Delusions of Healthcare Policy

October 8, 2009

by Mario Rizzo  

The Wall Street Journal reports, mirable dictu, the latest Senate healthcare plan passes the Congressional Budget Office’s test for not adding to the deficit. In fact, the plan will trim the deficit by $81 billion over ten years. That is an average of $8.1 billion per year in a projected deficit that is so high I can’t remember what it is. This is your classic rounding error. Let that pass.   

What is the basic financing mechanism?  

“Most of the bill’s funding comes from $404 in cuts to Medicare and other government insurance programs that Democrats say will reduce waste but won’t hurt the recipients’ benefits.”  

Now there are many other problems. (Richard Epstein has done a great job in pointing out the flaws with Obamacare in general. See, for example, his “The Libertarian” columns in Forbes-online. And our own Chidem Kurdas has many critically important things to say as well.)   

The CBO estimates do not take into account (as they cannot) the political feasibility of enacting the various cuts in waste. But I should like to refer the reader to some recent evidence that suggests that this is political fantasy. 

Senator Bill Nelson of Florida: “It would be intolerable to ask senior citizens to give up substantial health benefits they are enjoying under Medicare,” said Mr. Nelson, who has been deluged with calls and complaints from constituents. “I am offering an amendment to shield seniors from those benefit cuts.”  

This is just the tip of the proverbial iceberg. And the Congress has ten years to make sure the savings don’t happen. 

My inclination is to say: let this healthcare program happen. The only real check will be the bankruptcy of the welfare state. Trouble is that many good people will get hurt.

 

 

 

 

 

6 Responses to “Delusions of Healthcare Policy”

  1. Tom Dougherty Says:

    I disagree with your inclination. At times I have had that inclination, too. But, I think that inclination is wrong. Waiting for these programs to come crashing down years after there enactment will not only, as you say, cause good people to get hurt, but may lead to further erosions of freedom as the politicians pass more and more draconian measures to prevent them from failing. I don’t think the left will ever say, “Oh well, we tried these statist policies and they didn’t work, so now let’s try free markets.” Instead, they will pass more and more interventions in to the market to try to correct the problems that the previous interventions have caused. Or the left will say that the wrong people are in charge and we need a “strongman” to make these programs work. Healthcare “reform” needs to be defeated.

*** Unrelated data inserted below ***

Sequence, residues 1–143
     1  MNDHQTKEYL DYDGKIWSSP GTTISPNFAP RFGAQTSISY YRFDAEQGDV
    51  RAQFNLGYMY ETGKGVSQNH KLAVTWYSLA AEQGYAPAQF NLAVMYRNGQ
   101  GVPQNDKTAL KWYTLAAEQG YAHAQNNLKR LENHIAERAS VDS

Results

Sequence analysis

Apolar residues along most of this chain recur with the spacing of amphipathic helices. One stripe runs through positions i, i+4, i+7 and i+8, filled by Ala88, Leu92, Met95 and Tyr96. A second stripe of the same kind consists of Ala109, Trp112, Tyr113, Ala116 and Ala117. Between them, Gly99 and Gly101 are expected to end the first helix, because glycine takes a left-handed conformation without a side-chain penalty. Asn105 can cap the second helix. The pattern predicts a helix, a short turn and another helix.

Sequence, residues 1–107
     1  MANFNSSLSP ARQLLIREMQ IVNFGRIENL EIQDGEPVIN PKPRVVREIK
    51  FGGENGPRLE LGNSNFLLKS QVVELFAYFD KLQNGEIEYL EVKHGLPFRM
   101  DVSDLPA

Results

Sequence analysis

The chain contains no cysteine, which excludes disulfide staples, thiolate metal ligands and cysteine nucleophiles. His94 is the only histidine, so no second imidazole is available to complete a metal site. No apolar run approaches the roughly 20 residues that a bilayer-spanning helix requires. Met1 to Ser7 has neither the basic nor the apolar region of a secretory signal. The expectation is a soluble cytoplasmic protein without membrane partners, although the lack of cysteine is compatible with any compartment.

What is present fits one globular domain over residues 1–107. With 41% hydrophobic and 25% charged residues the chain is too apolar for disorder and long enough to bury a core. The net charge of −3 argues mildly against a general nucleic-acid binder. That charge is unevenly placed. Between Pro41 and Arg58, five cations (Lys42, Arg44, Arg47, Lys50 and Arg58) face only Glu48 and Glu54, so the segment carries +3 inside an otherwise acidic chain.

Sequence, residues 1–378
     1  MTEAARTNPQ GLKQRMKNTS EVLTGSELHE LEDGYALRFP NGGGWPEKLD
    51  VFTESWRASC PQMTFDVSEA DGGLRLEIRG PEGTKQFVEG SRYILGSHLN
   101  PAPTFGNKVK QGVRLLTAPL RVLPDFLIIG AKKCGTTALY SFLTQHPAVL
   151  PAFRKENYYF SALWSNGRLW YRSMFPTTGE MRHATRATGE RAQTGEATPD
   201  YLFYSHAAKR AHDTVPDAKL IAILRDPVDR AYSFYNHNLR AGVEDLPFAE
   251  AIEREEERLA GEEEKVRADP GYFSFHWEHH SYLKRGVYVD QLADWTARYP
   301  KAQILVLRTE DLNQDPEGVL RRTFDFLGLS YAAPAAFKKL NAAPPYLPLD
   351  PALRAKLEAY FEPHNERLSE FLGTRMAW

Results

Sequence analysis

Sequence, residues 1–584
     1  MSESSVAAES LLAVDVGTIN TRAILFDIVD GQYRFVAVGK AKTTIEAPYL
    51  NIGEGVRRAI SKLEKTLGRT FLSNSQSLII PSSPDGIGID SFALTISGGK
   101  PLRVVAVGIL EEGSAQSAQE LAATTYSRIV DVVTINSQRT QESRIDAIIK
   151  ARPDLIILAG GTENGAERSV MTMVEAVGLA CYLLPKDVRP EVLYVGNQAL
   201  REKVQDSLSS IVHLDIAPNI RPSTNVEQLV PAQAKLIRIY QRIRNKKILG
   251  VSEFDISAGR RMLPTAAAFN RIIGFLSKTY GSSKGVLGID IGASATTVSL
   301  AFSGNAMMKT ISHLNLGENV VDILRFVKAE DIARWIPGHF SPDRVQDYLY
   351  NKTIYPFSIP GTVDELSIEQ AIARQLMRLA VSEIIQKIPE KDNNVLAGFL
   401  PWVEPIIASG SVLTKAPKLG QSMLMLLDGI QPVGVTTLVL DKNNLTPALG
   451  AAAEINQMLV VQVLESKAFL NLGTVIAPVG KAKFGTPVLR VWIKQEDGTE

2. Zach C Says:

    Tom –

    Your point is valid to the extent that government seizes upon crises to.. well.. continue to cause crises. However, one has to wonder just what it will take for people to recognize the folly of expecting anything but disaster from central planners.

    Consider the fallout of the financial crisis: while it allowed the government further sweep, it was also a great boon to the Austrian School and libertarianism in general. Radicalism in favor of liberty seems to be on the rise as the government encroaches further and further on Americans. The inevitable bankruptcy of the welfare state might be just the impetus the nation needs for the right ideas to take root, as enough bewildered, concerned citizens look for answers.

    Whether or not such a movement could trump the aggrandizing tendencies of the political class in a crisis of such magnitude is anyone’s guess.

  3. chidemkurdas Says:

    Well, one should be willing to suffer for the rise of liberty, but I shudder to think of the tax increases that will almost certainly arrive, sooner or later, in one form or another, to pay for this giant new entitlement program. The other way we’re going to pay for it is through higher medical costs. Mario, this government won’t go bankrupt. It will bankrupt the middle class, instead.

  4. Mario Rizzo Says:

    I am getting ready with my can and pencils. I am also scoping out the best street corners for collecting money on the Upper East Side.

  5. Jim Says:

    Some thoughts:
    1. How many times has the government revisited any program to alter/dismiss it other than expand it?
    2. The brilliant 3 pronged system by the founders to keep power in abeyance will now work against attempts to reduce it.
    3. The dollar will have to collapse before government stops monetizing. It is addicted and does not even acknowledge its problem yet.
    4. It must be admitted openly now that a large faction DESIRES the collapse of the current system, either as ‘reformists’ or looters. There is no other explanation.


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